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On June 18, the Global Humanitarian Forum and its President, former UN Secretary General Kofi Annan, together with its partners announced an essential humanitarian endeavor and innovative public-private partnership scheme:  the “Weather Info for All” Initiative.

The event was held at the Global Platform for Disaster Risk Reduction, in Geneva, Switzerland and was attended by a number of personalities who presented the rationale for this Initiative and its benefits for the world’s poorest and most vulnerable to climate change.

At this occasion, the Forum’s President, Kofi Annan, declared that ““The world’s poorest are also the world’s most vulnerable when it comes to the impact of climate change, and the least equipped to deal with its consequences. Today you find cell phone towers in almost every part of Africa. We have never been able to establish weather monitoring on that scale, until now.”

Also present at the launch were: Michel Jarraud, Secretary General of the WMO, Carl-Henric Svanberg, CEO of Ericsson, Lord Simon Cairns, Chairman of Zain Africa, as well as Margareta Wahlström, UN Assistant Secretary General for Disaster Risk Reduction.


Climate change has altered weather patterns making traditional knowledge unreliable.

This is preventing farmers, fishermen, health workers, government agencies and other stakeholders to make informed decisions. Aggravating the problem, the World Meteorological Organization (WMO) estimates that Africa’s weather observation network is eight times below the minimum recommended level.

Acknowledging this situation, the Global Humanitarian Forum initiated the Weather Info for All project together with partners to provide a pan-African solution for climate change adaptation. Harnessing on the opportunities brought by the development of mobile communication in Africa, partners to the Initiative will install up to 5,000 automatic weather stations at new and existing mobile network sites throughout Africa and reinforce the capacity of the national meteorological services to generate accurate weather forecasts and early warnings.

The data collected by these stations will be analyzed by national meteorological services and transformed into weather forecasts and early warnings distributed to end-users who need it most – farmers, fishermen, rural, and urban communities via a suitable telecoms bearer, for example, SMS.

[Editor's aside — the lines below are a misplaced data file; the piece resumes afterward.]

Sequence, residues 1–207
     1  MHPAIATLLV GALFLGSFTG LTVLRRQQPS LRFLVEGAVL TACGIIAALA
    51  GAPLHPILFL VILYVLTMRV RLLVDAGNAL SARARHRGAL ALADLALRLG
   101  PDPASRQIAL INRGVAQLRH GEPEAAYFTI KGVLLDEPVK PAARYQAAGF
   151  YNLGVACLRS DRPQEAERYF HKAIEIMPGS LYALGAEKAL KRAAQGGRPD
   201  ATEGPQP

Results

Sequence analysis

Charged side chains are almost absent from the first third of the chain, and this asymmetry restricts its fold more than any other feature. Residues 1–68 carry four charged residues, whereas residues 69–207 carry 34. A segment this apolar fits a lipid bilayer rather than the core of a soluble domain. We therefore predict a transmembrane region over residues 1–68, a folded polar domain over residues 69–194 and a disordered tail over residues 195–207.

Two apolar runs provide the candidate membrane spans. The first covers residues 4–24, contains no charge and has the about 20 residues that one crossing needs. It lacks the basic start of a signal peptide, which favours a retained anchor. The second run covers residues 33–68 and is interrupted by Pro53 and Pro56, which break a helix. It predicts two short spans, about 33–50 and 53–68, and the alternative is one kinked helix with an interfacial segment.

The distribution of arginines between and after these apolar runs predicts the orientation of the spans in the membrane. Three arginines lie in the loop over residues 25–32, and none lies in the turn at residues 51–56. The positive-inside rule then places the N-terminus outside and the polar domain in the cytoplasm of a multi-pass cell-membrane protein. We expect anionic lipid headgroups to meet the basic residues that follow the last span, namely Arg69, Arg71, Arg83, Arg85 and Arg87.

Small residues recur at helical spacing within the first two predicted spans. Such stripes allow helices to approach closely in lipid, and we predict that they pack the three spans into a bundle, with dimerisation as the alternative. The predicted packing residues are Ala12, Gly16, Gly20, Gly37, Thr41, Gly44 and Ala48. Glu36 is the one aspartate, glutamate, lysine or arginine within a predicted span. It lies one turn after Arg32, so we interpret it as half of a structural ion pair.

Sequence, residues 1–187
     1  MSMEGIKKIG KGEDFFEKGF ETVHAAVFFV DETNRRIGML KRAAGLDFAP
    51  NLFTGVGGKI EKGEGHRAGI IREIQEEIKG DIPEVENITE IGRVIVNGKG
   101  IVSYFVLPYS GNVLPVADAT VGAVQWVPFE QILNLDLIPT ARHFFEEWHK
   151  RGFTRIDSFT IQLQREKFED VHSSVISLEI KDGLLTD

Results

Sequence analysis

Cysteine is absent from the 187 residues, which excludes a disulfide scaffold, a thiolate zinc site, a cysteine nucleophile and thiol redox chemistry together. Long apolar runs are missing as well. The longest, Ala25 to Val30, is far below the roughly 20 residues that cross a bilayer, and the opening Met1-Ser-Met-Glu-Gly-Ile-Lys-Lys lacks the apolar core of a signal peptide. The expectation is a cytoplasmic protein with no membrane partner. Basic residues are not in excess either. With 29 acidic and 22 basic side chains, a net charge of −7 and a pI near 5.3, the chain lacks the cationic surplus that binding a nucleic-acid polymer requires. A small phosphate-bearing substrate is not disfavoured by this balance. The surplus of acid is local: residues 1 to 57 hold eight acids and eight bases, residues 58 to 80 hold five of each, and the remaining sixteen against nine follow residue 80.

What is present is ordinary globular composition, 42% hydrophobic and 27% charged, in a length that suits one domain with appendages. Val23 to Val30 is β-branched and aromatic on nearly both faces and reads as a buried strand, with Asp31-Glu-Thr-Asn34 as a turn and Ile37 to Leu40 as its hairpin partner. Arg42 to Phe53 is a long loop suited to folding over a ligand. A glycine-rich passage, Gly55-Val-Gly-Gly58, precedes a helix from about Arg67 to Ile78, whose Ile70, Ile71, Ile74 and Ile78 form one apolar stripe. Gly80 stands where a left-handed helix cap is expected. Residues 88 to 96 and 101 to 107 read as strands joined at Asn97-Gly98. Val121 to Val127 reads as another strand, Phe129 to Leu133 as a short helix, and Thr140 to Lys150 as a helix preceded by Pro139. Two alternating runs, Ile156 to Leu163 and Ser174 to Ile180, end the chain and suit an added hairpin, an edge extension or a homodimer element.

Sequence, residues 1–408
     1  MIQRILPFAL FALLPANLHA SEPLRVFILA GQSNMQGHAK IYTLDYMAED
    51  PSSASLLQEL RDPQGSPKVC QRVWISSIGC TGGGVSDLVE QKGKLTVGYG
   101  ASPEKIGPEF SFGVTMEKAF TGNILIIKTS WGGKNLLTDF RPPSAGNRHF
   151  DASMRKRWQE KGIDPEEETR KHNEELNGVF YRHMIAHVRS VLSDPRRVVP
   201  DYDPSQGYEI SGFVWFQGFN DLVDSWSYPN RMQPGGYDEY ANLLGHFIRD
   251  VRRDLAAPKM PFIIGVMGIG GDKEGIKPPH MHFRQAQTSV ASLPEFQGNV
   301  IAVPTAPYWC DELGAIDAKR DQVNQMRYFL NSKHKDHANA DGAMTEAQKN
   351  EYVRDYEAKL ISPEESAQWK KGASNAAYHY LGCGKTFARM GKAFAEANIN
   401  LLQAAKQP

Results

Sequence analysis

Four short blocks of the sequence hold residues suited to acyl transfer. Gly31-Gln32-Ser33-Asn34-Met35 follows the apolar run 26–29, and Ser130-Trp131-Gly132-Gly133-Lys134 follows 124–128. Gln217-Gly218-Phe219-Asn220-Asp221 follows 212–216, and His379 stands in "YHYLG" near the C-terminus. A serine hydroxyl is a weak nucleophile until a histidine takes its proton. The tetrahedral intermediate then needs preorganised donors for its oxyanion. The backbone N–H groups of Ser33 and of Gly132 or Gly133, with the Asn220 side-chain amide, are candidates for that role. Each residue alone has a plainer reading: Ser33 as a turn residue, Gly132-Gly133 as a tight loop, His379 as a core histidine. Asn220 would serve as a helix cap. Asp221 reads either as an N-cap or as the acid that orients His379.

Automatic weather stations use sensors to take measurements of a variety of meteorological parameters. Automatic weather stations deployed for the Initiative conform to WMO specifications. These units are robust and able to withstand various environmental conditions, yet are economical to operate, calibrate and maintain. They are run on state of the art proprietary software able to handle the reporting of a large network of weather stations and able to detect faulty sensors remotely in real time.
Among other things, automatic weather stations monitor:
  • Atmospheric pressure
  • Temperature
  • Humidity
  • Wind Speed and direction
  • Precipitation
  • Sunshine and radiation


The Forum has brought together a unique group of partners to realize the Weather Info for All Initiative:

  • World Meteorological Organization (WMO) - Official United Nations' authoritative voice on weather, climate and water, scientific organization.
  • Ericsson – The world's leading provider of technology and services to telecom operators. The market leader in 2G and 3G mobile technologies, Ericsson supplies communications services and manages networks that serve more than 250 million subscribers.
  • Zain – The pioneer of mobile telecommunications in the Middle East and a major player on the African continent.
  • Earth Institute at Columbia University – The Earth Institute, established at Columbia University, is a research institute focused on solving complex issues in sustainable development and the needs of the world's poor.

Service providers include:

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